Who Has Your Aadhaar Data?
A fingerprint is scanned using biometric technology for registered travelers at the Minneapolis-St. Paul International Airport. (Photographer: Allen Brisson-Smith/Bloomberg News)

Who Has Your Aadhaar Data?

This February, Microsoft launched Skype Lite, a special version of its popular video-calling app for India. It is designed to run smoothly on cheaper smartphones and where network connectivity is sparse.

While the app works surprisingly well even in areas with limited internet, there’s a feature that was showcased by Microsoft at its launch event that could be a cause for concern – Aadhaar verification. It conducted a mock video interview for a job where Skype Lite helped verify the identity of the aspirant using Aadhaar.

At first, it might seem very useful. What can possibly go wrong if a potential employer uses your Aadhaar information for verification on an encrypted network? Dig a little deeper and that question evolves into: how has your personal identity information that you voluntarily gave to the government instead landed at the doorstep of a tech giant like Microsoft?

It’s natural for these insecurities to get compounded with all the recent talk about the Aadhaar programme and concerns being raised about its security and privacy.

Usha Ramanathan, an independent legal researcher who has been tracking Aadhaar since 2009, says, “There is Section 57 of the Aadhaar Act 2016, which, among other things, makes it clear as the blue sky on a cloudless day that the Aadhaar Act could never have been a Money Bill. It allows private companies to use the UID database for ‘establishing the identity of an individual for any purpose’.” She is wary about how private companies – like American biometric technology provider L-1 Identity Solutions, open-source document database MongodB, and consulting firms Accenture and Ernst and Young – are holding all our data.

Microsoft explains how some of these concerns might be misplaced as its Aadhaar integration with Skype Lite is absolutely safe, convenient and how it could actually reduce fraud in transactions involving the Indian government, businesses and consumers.

Microsoft Skype Lite will even work on 2G connections in India. (Photo Courtesy: Microsoft/Twitter)
Microsoft Skype Lite will even work on 2G connections in India. (Photo Courtesy: Microsoft/Twitter)

Alok Lall, director at Office Business Group, Microsoft India, explains that the UIDAI has directly appointed a number of Authentication User Agencies (AUAs) from various government and non-government entities to facilitate and process such authentication requests, including e-KYC services. Microsoft has contracted with one such AUA and, in this case, is itself a sub-AUA to provide Aadhaar-enabled authentication services to its Skype Lite users in India.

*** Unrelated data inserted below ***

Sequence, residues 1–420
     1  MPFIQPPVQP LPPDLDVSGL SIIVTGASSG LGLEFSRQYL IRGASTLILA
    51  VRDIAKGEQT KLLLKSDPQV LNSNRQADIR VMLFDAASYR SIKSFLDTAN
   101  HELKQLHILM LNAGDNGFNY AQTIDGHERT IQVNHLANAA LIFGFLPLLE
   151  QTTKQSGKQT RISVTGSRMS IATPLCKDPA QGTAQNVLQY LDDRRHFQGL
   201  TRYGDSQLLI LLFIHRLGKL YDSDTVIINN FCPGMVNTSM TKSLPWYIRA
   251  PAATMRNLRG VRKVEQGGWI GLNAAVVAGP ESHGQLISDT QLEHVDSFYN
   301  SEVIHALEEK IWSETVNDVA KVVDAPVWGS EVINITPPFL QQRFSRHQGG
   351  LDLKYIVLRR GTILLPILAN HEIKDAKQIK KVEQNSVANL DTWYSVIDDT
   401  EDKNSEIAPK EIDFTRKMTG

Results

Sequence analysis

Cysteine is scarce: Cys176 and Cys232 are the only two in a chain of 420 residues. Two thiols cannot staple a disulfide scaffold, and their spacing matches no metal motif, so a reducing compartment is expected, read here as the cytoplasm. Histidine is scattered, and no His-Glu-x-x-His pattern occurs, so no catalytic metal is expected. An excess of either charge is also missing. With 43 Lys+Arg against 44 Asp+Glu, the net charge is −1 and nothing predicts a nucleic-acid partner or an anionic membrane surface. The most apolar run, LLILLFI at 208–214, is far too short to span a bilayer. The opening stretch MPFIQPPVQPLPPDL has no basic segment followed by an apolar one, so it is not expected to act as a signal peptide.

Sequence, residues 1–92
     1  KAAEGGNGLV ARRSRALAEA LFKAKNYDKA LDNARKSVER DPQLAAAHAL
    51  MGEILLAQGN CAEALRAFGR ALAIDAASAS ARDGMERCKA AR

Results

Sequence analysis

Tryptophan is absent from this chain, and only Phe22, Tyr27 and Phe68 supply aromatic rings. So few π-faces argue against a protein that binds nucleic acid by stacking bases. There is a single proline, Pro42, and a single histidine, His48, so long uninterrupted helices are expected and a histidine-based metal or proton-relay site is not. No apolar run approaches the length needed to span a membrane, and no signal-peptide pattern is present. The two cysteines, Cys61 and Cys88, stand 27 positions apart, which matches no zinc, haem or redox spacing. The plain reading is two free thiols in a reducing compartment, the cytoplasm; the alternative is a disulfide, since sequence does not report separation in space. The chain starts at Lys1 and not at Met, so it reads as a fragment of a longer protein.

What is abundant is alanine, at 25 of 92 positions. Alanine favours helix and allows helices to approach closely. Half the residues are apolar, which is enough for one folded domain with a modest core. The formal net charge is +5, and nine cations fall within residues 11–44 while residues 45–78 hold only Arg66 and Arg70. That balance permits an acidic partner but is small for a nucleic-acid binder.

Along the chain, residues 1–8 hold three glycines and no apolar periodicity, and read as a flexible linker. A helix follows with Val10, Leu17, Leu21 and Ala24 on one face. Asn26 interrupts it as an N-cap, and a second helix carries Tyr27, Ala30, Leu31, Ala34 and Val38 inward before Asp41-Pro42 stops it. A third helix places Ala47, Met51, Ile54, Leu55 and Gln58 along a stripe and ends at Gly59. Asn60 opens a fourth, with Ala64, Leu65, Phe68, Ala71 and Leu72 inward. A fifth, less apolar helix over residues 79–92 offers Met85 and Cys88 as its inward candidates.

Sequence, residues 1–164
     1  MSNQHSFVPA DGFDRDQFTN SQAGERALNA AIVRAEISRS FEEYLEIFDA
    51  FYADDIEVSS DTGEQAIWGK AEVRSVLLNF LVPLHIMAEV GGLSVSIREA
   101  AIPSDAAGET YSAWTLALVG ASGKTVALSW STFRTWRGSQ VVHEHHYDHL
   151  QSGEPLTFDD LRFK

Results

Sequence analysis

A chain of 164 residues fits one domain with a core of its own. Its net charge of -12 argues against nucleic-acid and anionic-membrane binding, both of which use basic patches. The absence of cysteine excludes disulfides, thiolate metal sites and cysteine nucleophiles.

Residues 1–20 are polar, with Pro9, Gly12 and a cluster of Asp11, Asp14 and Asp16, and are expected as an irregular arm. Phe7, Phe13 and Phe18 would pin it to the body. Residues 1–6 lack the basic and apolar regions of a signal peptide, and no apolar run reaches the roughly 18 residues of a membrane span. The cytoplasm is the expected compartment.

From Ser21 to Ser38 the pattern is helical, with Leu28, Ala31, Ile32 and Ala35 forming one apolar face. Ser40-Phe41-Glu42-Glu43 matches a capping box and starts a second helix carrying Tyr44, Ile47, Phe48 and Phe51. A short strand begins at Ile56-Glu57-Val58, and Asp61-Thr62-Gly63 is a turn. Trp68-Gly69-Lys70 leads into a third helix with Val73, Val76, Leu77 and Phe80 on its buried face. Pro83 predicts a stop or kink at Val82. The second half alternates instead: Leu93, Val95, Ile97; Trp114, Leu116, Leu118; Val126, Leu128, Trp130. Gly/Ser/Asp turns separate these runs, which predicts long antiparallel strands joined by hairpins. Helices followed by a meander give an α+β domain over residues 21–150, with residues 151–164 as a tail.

“For privacy reasons, the functionality within Skype Lite is such that only the verifier’s name, photo, birth year and last 4 digits of Aadhaar would be shared with the requester, for the purpose of authenticating the identity. The verifier is made aware of what details he or she will be sharing with the requester, and must indicate consent before the authentication can proceed,” says Lall.

Ramanathan points out there are several private companies – suppliers of hardware, software, banks, eKYC service providers and AUAs – that are linked to the Aadhaar interface. But, perhaps Microsoft comes into the spotlight because it’s the biggest global tech behemoth to get involved with the largest biometric database in the world.

Lall points out that Skype-to-Skype voice, video, file transfers and instant messages are encrypted. This protects ordinary Skype users from potential eavesdropping by malicious users.

The company says it does not store data and has no access to the central repository. It only uses standard interfaces exposed for a sub-AUA.

As for the Aadhaar database, the UIDAI mentions it is encrypted using the highest available public key cryptography (PKI-2048 and AES-256) with each data record having an in-built mechanism to detect any tampering. UIDAI says that even if a hacker attempted to decrypt it using millions of computers, it would take him billions of years to crack the code.

Ramanathan mentions that it might not be an external threat to the database that is worrisome. She says, “Sometimes I wonder if it is because they (private companies) already have the data with them that there is no known case of hacking or data breach from the UID database?”

Usha Ramanathan, independent law researcher an advocate at the Supreme Court of India (Source: Usha Ramanathan)
Usha Ramanathan, independent law researcher an advocate at the Supreme Court of India (Source: Usha Ramanathan)

While nobody from the current UIDAI team responded to BloombergQuint’s queries, former chairman of UIDAI, Nandan Nilekani, says, “Aadhaar is meant to be a platform, a platform for the use of a variety of things. The law has a section (Section 57 of Aadhaar Act) which says it can be used for other purposes.” He goes on to point out how Aadhaar has been based on user consent from the beginning.

If you wish to use Skype Lite and if you wish to authenticate yourself for some purpose, that is your decision
Nandan Nilekani, Former Chairman, UIDAI

Privacy experts like Ramanathan aren’t convinced by that argument. She believes that “consent” per se is the biggest sham in the Aadhaar project. “If the UID number has to be seeded everywhere, for any service or subsidy, what consent are we talking about? Compulsion is the only route, so I think we should stop pretending there is any choice and consent in this project.”

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